Few experiences as a gardener yield the satisfaction of growing a tree from a seedling to maturity. Watching a tree reach for the sky year after year, branching and stretching as it provides shade, shelter, and food for garden inhabitants is an exercise in patience and long term rewards. Plant your tree seedlings in spring immediately after purchase or arrival by mail to ensure the best start possible for your little miracle of nature.
Choose a site for your tree seedling that has full sun and well drained soil. Certain tree species may have specific cultural requirements that you will want to provide, based on recommendations of the retailer they came from. In general, tree seedlings will suffer in heavy shade and areas where water pools or cannot run off.
Plant trees on a cool, wet day if possible. Dry, humid days are inadvisable for seedling planting due to root stress. Store trees with roots wrapped in wet paper towels inside of a clean plastic sack closed around the trunk. Place in the refrigerator until weather cooperates, for up to 5 days.
Unwrap the tree seedlings from the protective covering or tubing they came in. Gently separate roots if there are multiple trees in the same covering.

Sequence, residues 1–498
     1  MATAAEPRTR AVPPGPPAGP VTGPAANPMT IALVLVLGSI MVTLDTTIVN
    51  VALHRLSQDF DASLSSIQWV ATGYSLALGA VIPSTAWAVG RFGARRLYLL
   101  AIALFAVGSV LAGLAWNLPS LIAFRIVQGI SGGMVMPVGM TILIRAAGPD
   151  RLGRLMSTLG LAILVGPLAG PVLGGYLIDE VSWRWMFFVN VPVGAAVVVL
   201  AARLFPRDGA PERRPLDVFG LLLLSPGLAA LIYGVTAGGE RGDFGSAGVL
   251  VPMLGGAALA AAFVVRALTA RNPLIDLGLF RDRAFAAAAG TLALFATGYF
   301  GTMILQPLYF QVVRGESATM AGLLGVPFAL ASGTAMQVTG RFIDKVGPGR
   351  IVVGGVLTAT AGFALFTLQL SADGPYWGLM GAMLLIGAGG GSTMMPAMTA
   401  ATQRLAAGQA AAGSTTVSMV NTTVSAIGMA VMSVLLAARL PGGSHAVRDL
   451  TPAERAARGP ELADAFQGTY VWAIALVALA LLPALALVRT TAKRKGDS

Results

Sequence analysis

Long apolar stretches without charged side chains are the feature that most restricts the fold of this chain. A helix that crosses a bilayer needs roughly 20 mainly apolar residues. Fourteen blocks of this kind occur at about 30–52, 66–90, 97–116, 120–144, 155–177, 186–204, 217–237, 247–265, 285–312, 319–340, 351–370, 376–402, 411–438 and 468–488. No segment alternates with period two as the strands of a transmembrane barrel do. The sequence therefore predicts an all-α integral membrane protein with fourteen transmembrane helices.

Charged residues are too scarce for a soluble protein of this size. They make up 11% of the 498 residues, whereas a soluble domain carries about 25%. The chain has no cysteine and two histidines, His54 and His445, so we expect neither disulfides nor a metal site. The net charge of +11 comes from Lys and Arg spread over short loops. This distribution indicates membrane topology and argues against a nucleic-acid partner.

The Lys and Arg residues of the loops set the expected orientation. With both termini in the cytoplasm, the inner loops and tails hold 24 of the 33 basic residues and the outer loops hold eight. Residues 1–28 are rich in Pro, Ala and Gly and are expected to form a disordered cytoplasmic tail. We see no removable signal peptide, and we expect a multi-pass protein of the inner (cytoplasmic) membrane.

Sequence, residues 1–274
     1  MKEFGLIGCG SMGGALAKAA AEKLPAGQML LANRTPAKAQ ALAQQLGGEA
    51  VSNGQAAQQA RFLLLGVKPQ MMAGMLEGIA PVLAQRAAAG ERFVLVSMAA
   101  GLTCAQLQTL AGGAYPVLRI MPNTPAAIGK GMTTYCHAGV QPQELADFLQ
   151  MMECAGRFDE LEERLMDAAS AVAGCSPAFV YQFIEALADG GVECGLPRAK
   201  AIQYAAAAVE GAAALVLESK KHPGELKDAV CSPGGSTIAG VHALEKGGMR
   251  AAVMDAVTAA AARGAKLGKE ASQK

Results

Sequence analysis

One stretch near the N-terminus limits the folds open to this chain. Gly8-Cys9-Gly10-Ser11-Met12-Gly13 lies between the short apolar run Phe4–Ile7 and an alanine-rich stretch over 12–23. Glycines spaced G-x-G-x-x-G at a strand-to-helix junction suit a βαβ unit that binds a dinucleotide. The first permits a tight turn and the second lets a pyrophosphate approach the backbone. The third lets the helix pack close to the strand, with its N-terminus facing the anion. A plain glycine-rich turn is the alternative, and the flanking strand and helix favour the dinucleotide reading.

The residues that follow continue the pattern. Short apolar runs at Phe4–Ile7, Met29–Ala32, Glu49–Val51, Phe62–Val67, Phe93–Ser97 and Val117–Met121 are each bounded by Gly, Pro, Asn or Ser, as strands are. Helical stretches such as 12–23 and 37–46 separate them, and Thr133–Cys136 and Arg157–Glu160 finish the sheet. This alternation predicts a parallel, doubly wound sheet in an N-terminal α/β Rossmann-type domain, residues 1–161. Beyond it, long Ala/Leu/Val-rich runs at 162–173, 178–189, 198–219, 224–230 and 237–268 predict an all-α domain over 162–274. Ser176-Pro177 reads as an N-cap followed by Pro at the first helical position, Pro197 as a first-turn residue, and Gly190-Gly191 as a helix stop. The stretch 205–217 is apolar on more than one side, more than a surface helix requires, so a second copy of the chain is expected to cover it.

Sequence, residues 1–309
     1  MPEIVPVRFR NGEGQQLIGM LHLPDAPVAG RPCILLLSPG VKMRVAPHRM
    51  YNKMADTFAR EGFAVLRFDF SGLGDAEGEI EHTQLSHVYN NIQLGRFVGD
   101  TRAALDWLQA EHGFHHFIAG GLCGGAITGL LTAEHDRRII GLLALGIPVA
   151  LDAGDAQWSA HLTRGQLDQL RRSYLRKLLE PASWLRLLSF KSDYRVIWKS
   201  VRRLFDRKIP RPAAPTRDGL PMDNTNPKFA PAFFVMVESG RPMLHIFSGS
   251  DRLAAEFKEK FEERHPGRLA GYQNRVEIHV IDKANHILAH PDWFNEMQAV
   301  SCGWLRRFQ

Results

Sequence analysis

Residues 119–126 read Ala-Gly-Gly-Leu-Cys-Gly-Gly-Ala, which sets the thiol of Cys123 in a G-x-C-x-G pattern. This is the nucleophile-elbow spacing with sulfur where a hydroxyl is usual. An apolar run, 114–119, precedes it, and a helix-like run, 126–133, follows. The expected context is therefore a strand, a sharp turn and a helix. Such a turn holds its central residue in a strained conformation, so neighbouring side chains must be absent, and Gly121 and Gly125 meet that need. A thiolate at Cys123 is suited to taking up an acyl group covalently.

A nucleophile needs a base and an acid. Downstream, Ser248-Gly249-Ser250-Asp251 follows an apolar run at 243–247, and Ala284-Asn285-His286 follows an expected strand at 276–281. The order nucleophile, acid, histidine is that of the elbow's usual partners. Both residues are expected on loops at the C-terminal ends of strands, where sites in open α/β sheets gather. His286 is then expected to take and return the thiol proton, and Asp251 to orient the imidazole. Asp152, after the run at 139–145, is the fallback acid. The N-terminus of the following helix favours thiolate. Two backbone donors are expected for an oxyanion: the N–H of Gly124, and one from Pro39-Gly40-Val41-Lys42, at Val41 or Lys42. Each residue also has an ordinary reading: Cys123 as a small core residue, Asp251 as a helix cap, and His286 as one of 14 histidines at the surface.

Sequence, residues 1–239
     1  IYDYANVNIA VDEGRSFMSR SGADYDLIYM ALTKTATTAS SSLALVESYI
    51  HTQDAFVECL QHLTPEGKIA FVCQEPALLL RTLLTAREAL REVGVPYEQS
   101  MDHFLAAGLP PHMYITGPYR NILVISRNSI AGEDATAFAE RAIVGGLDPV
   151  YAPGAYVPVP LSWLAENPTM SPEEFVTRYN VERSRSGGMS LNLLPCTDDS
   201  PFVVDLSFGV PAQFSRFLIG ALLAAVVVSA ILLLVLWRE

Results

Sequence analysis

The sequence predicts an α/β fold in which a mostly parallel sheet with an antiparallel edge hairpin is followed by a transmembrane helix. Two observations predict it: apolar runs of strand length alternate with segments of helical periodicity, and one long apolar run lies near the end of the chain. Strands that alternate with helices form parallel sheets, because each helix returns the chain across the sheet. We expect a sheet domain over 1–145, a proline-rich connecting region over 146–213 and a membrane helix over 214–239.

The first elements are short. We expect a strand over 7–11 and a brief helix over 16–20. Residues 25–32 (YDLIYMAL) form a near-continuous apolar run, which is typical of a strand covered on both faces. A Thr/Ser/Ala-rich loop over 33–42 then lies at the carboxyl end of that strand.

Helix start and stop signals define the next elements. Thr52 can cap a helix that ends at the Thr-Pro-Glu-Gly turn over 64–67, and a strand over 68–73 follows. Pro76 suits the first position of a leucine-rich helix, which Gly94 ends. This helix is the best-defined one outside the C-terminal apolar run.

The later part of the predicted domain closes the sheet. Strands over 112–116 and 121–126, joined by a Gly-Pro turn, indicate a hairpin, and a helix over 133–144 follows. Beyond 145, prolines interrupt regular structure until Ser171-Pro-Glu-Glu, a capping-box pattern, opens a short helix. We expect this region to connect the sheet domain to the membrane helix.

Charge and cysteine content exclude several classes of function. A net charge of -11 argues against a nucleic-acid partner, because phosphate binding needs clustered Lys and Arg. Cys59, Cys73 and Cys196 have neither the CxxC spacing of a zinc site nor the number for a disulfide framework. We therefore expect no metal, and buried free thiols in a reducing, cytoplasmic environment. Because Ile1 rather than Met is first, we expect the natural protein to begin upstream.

Submerge the tree seedlings in a bucket of water. Do not allow seedlings to sit out exposed to the air for any length of time after unwrapping, or damage to the young tree may occur. Allow 3 to 6 hours of soaking for the roots to become completely hydrated.
Dig a hole for each tree seedling. The depth should equal the length of the longest root. Turn the soil with your shovel in the hole to ensure room for the roots to spread. Another technique is to use a planting bar or dibble to create a single, deep wedge or cylinder shaped hole for the tree to rest in. Take care to avoid compacting the soil if you use a special planting tool, as roots will die if they aren't able to penetrate the surrounding soil.
Set the seedling into the hole with the roots fully stretched out. The collar of the tree, or line on the trunk that indicates where the tree was planted in the nursery, should rest at the soil line. A color shift on the trunk may also be a good indicator of the collar location. Gently back fill the base of the hole around the lower roots, firming as you add soil to the top of the hole. Avoid tight packing of the soil.
Create a small berm of soil a few inches away from the trunk encircling the seedling. This will act as a water basin, keeping water near establishing roots. Do not fertilize tree seedlings at this stage in their development. Fertilizer in the planting hole may cause root burn, damaging the new tree.
Add 2 inches of organic mulch, such as pine bark, starting at an inch away from the trunk outward to a 2 1/2 foot radius. Mulch touching the trunk may cause the spread of disease.
Keep soil moist, watering every week to 10 days during the first year of growth.